North American F-86 K Sabre

General Historical Data
The North American XP-86 was flown for the first time on October 1, 1947. It was a very advanced and manoeuvrable aircraft that could reach supersonic speeds when diving. In September 1948, an F-86A broke the air speed record when it reached a speed of 1,080 k.p.h. The plane was introduced into operative service in 1949. The F-86A was equipped with a General Electric J47 engine with a thrust of 5,000 lb.

The F-86K was specially manufactured for the member states of NATO. The development of the aircraft was begun on May 14, 1953. Two F-86D-40s were modified and renamed YF-86Ks. The maiden flight of this particular model took place on July 15, 1954. The biggest change in relation to the F-86D was in the armaments it carried. Four 20 mm guns replaced twenty-four 2.75 inch air-to-air missiles. Over 350 F-86Ks were manufactured in the United States and Italy. For most countries that bought it, the F-86K was their first all-weather fighter, i.e. a plane that could cut off and engage enemy aircraft in the dark and in bad weather with the help of its own radar.

Like most other military aircraft, the F-86K underwent a number of updates and modifications. Among the major projects thus undertaken, we might mention the installation of TACAN (Tactical Air Navigation) and ILS (Instrument Landing System), wing extensions, external stores stations for Sidewinders, guided missiles and the installation of Martin Baker ejection seats.

Historical Data from Norway
Early in the 1950's it was decided that Norway also needed all-weather fighters. The Norwegian air control and early warning system was further developed and thereby the basis for the development of a modern fighter defence that could operate in any kind of weather conditions. The first F-86Ks arrived at Gardermoen in September 1955. 337 Squadron, that had been disbanded since the Vampire had been withdrawn from service, was reactivated on September 1 and assigned the first of these aircraft. As several of the planes gradually arrived throughout 1956, a new air force unit was established on July 13, 1956 and given the name of 339 Squadron.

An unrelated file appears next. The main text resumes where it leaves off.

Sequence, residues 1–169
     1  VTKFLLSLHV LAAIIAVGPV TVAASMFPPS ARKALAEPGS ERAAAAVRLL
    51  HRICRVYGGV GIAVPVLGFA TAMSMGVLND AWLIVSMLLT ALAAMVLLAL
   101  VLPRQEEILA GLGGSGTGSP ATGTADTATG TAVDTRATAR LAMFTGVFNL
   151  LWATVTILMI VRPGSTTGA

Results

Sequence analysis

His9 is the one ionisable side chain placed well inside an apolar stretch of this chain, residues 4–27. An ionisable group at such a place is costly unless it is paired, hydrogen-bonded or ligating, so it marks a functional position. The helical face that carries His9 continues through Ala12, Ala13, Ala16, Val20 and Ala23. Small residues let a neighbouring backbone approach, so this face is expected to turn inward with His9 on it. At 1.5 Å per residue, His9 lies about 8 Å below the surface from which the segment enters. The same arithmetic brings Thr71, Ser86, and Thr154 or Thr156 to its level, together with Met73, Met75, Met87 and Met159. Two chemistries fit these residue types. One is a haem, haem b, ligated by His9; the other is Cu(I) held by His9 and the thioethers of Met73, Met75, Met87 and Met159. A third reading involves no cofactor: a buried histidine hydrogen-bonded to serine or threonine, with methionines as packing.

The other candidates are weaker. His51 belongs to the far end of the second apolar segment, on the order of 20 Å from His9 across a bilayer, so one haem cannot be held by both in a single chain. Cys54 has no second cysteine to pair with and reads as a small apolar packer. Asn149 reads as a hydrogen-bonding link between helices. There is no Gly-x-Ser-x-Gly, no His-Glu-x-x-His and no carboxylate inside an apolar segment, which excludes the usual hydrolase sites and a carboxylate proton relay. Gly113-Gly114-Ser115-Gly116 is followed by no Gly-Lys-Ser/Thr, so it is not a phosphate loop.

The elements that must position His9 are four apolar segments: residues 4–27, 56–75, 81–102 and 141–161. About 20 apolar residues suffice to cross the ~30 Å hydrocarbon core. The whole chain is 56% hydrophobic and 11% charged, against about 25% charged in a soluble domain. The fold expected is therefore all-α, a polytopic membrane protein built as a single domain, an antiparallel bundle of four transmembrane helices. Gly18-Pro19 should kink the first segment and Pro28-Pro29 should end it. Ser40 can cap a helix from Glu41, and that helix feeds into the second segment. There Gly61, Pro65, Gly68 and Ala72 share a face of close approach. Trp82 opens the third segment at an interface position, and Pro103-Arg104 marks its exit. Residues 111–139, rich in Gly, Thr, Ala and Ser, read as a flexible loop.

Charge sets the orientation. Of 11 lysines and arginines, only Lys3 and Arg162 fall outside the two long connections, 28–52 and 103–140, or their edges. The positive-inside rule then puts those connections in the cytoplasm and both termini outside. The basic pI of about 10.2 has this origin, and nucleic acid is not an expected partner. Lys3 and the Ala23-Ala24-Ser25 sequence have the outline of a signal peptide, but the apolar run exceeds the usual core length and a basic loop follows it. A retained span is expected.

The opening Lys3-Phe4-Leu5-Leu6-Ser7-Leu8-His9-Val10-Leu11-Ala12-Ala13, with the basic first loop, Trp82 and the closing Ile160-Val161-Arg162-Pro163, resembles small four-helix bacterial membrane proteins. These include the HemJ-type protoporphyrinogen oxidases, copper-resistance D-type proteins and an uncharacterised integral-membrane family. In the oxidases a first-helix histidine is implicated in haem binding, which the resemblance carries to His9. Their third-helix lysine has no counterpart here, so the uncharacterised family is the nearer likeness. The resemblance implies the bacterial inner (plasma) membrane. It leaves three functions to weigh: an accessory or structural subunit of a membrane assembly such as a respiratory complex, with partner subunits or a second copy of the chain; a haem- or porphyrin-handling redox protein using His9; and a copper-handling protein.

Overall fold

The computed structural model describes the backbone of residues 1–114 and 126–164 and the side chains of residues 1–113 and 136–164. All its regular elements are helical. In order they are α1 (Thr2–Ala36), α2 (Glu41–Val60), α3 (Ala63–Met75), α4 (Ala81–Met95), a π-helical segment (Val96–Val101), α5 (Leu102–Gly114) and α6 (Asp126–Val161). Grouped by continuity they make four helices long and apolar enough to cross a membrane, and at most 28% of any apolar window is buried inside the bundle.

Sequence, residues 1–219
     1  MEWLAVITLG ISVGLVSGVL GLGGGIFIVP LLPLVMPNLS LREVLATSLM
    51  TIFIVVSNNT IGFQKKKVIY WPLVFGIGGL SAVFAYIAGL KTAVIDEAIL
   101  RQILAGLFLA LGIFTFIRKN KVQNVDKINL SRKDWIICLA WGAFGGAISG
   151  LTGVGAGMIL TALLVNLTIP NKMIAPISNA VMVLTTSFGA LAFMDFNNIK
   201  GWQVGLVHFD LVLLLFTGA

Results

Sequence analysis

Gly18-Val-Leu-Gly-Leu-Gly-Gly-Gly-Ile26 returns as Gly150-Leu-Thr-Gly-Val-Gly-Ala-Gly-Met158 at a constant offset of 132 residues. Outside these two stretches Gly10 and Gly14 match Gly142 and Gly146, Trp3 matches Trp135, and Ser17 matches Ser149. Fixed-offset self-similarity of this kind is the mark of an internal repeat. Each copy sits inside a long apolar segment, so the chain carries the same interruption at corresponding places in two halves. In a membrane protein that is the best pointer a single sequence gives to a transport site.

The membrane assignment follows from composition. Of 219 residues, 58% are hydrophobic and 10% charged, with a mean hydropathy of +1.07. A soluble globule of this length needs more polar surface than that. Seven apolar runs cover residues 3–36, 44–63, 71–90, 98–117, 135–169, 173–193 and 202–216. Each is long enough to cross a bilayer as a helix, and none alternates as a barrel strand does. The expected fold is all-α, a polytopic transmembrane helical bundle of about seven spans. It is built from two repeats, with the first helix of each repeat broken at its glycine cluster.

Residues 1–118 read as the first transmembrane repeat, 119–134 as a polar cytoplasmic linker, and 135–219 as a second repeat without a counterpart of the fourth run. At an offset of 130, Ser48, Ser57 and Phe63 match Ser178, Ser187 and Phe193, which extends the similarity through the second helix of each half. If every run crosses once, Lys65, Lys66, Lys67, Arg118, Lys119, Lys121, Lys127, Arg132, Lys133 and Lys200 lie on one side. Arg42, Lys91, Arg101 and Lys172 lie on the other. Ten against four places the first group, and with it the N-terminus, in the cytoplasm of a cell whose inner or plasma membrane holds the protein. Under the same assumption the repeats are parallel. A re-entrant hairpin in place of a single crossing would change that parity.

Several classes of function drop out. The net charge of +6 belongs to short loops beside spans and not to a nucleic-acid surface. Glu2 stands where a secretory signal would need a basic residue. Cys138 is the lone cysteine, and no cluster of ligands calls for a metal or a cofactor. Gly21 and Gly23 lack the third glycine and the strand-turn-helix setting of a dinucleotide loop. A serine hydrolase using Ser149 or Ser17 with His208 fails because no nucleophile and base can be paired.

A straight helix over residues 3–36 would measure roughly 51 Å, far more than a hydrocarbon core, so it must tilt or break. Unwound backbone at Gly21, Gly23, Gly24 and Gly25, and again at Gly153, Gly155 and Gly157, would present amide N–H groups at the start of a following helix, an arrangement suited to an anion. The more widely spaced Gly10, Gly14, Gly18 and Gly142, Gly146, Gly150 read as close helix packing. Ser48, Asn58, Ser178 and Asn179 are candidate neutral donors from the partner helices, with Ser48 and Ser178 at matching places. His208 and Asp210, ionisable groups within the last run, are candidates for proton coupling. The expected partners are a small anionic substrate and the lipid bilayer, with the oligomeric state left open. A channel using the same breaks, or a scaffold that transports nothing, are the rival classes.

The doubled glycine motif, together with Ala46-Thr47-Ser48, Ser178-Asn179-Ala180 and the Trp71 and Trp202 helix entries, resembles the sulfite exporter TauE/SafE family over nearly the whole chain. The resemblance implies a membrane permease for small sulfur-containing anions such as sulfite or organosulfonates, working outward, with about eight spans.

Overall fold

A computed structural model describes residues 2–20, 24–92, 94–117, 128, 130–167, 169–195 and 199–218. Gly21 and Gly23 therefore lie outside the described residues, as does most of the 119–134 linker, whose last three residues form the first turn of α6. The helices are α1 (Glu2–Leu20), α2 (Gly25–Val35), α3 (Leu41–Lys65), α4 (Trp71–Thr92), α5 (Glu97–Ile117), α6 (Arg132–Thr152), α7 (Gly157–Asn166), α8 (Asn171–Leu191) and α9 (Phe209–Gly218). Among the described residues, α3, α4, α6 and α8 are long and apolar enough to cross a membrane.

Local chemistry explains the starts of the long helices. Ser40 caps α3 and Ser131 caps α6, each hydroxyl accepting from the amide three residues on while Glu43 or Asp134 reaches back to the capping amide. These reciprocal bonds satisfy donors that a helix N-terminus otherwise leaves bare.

Two other squadrons have been periodically set up with F-86Ks; 332 Squadron from January 1963 to August 1964, and 334 Squadron from August 1960 to July 1967. With the transition to the Northrop F-5, the remaining F-86Ks ended up with 334 Squadron, but on July 14, 1967, it was all over. The Air Force had a total of 64 of these planes, 31 were lost in crashes or accidents, the rest were scrapped or given away to museums or for training purposes.

The Museum's F-86K-4NA has the serial number 54-1245. It arrived in Norway on October 19, 1955 and had until then been airborne for a total of only 15 hours. The plane was assigned to 337 Squadron, but later did service with 332 and 334 Squadrons. It was written off on August 18, 1967 and had then flown for a total of 1,697 hours. In December 1979, under the leadership of Per Jarle Sogn and Rolf Bakken, 334 Squadron began the restoration of the aircraft which was in very poor condition after many years in the outdoors.

LENGDE: 12,9 m
HØYDE: 4,3 m
MAKS. VEKT: 9150 kg
MAKS. HASTIGHET: 1114 km/t
MAKS. HØYDE: 16170 m
MOTOR: 1 J47-GE-33, 2540 kilo S.t.
ANDRE OPPLYSNINGER: 4 stk 20 mm kanoner, 2 stk AHM9B Sidewinder

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